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Discover the haunting , BAFTA-nominated soundtrack to the World War II drama based on Markus Zusak's novel of the same name, written by the legendary John Williams.
This is one of the few non-Spielberg, non-franchise movie scores that Williams has written in recent years and it begins in a suitably spell-binding fashion. More tense and less melodically obvious than much of his Hollywood work, this is a delicate entry into the world of The Book Thief.
Brooding and unresolved harp and piano lines cross over, while plangent strings lay in the background waiting to develop into something bigger, but Williams keeps the mood on a tight leash here.
The titular Book Thief, Liesel Meminger (played by newcomer Sophie Nélisse, pictured with Geoffrey Rush ), is our guide through the story which takes place against the backdrop of World War II. This deceptively upbeat section prefigures a terrible tragedy that sets a whole chain of events into motion.
Meminger cannot read when we join the story, but thanks to a new friend she makes who begins to teach her, she becomes a voracious reader. In this extract, Williams turns a library into a quiet sanctuary, a very important place for the Book Thief herself.
Williams makes things a little jauntier here, a brief respite from the drama as we hear the gambolling fun of the snow.
One of the key themes of the film and of its source novel is that of learning to read, and this plaintive theme captures the rush of excitement that Liesel experiences when she begins to explore the literary world, brought to life in John Williams' (pictured) score.
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Far from the aggression of the title, this surprisingly quiet and delicate theme utilises one of Williams' least-featured instruments, the clarinet, to full, meek effect. Here's the novel's original writer, Markus Zusak, at the movie's premiere.
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Another plaintive theme that hints at sadness still to come in these difficult times. It's a perhaps unusually slow and deliberate middle period for a John Williams score, but the emotional dividends it pays are well worth it. Here's Geoffrey Rush at the film's premiere.
As the subtle tones continue to come forth from Williams' score, we are put in mind of his work on Schindler's List. It's emotional, yes, but it never once becomes pitiful - there is always enough grit and determination in the sound to stop it from becoming saccharine.
The tempo rockets up here with a flutter of strings, and we're given a glimpse of what John Williams is perhaps most comfortable with - flurries of positivity and whimsy.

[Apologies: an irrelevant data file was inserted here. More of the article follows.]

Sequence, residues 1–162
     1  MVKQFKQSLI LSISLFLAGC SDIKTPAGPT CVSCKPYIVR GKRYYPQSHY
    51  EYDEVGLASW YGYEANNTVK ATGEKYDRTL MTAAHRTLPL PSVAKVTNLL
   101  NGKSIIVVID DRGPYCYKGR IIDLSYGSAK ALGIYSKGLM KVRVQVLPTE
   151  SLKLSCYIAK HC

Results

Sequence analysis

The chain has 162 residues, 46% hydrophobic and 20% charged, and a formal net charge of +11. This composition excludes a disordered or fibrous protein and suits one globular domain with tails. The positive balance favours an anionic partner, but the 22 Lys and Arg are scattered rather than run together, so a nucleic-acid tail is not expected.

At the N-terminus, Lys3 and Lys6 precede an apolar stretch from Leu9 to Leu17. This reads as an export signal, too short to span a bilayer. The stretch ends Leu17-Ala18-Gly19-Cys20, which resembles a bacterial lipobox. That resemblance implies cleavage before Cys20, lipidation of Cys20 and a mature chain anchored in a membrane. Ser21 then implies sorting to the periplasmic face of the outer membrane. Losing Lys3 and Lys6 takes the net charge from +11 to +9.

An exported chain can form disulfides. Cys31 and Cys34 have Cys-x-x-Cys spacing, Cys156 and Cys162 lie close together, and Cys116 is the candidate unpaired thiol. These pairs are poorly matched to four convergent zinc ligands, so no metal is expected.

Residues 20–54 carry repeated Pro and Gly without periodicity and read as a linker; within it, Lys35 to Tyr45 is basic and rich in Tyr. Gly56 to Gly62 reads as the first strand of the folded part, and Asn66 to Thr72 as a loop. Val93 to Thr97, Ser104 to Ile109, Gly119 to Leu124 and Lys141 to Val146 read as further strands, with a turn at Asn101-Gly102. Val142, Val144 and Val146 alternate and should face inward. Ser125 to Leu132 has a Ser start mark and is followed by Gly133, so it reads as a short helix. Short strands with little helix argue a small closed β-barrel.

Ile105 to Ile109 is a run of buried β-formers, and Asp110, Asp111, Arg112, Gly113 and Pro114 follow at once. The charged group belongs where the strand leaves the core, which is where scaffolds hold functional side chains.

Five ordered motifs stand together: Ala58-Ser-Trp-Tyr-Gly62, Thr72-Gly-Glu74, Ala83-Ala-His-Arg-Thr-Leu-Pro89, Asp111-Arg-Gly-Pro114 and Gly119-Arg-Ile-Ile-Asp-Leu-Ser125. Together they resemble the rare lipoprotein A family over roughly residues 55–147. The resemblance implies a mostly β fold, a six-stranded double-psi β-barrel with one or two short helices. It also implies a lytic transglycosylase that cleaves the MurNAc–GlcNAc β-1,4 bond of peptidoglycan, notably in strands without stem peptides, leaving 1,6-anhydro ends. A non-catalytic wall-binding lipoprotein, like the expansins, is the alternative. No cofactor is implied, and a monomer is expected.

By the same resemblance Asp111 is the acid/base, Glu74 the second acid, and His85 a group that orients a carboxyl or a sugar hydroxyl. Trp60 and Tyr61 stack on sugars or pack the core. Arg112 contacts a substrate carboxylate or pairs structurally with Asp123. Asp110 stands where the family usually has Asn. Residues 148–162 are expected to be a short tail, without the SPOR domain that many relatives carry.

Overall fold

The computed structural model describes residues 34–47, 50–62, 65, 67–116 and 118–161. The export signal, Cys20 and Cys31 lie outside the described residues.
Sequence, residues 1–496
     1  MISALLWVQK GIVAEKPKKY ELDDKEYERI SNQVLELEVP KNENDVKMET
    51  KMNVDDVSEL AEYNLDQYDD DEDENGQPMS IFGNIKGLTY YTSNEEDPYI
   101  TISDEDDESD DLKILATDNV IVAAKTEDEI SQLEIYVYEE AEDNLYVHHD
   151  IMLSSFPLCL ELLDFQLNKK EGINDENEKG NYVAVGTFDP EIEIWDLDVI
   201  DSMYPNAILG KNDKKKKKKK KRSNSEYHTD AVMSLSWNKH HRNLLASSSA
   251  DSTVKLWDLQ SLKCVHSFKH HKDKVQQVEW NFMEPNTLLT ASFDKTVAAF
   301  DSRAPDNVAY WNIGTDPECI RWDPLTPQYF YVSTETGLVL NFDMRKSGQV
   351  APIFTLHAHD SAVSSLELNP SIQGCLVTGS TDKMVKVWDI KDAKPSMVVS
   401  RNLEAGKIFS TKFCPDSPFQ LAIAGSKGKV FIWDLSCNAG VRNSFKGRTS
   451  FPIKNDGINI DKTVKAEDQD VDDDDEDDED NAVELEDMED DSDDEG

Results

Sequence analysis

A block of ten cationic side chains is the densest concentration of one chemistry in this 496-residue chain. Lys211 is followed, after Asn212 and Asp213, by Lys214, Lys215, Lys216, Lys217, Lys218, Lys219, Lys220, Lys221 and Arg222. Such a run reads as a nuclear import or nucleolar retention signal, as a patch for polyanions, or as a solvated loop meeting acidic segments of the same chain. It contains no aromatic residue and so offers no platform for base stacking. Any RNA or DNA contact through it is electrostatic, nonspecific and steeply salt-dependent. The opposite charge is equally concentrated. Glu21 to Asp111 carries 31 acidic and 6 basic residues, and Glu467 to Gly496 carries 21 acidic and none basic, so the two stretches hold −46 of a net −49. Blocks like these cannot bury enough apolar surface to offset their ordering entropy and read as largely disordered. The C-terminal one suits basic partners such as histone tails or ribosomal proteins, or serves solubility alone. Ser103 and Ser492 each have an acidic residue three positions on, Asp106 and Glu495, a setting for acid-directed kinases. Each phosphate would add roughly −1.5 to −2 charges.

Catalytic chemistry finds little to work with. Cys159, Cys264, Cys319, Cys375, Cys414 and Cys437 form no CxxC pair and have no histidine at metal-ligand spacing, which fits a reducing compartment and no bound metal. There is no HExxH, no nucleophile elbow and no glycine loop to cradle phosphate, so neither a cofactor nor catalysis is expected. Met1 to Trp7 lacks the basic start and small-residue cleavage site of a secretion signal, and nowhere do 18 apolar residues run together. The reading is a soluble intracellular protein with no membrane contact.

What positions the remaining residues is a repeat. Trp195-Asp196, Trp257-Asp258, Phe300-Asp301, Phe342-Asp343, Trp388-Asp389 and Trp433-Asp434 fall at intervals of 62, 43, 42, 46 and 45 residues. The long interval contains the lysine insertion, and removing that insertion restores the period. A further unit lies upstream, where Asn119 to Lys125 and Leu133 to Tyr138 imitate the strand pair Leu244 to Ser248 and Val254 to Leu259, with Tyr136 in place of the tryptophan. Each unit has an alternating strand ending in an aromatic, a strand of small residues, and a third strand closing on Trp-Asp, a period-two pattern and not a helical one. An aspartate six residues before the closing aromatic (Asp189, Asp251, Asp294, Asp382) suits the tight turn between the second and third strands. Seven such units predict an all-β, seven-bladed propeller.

Geoffrey Rush plays the role of Han Huberman, Liesel's foster father. The site of Himmel Street ends up being a pivotal location for him, and even more so in regard to his foster daughter. Again, a plaintive Williams theme sums up their relationship beautifully.
Having learned to read, Liesel is now required to learn to read as well. It is no small task, but her endeavour to succeed is captured perfectly in this busy string-led melody.
Max, played by Ben Schnetzer in the film, is a true friend to Liesel throughout. When he is called to leave to protect himself from the searching eyes of the Nazis, Liesel's life takes yet another blow.
Incongruously titled but beautifully played by clarinet and harp, this is an enigmatic little number that feels both mysterious and intimate.
As the title of the whole film suggests, the narrative hinges on the whereabouts of one book in particular and, as we saw with the book-burning scene, keeping hold of one book in particular can be much harder than one might normally take for granted.
Now that she is able to write, the act of writing becomes something incredibly important to Liesel, and that significance is not treated lightly by the score.
Incredibly, after all the hardships that he has endured far away from Liesel, it is revealed that Max was able to stay alive while he was in hiding, much to Liesel's delight. The score too reflects some of that relief, but this is by no means a simple outpouring of joy.
Again, tragedy strikes Liesel as one of the biggest figures in her life is taken from her. Williams' writing is sombre and heartfelt in a way that we haven't heard since his dramatic score for Schindler's List.
The meandering piano melody that characterised the early part of the soundtrack makes a return at the film's closing, wrapping up the musical and cinematic themes that Williams has introduced throughout.
In the soundtrack's longest and most complete excerpt, Williams turns stoic and melodic - a quietly emotional and stirring way to close one of the more remarkable and interesting scores that the soundtrack great has turned in in recent times.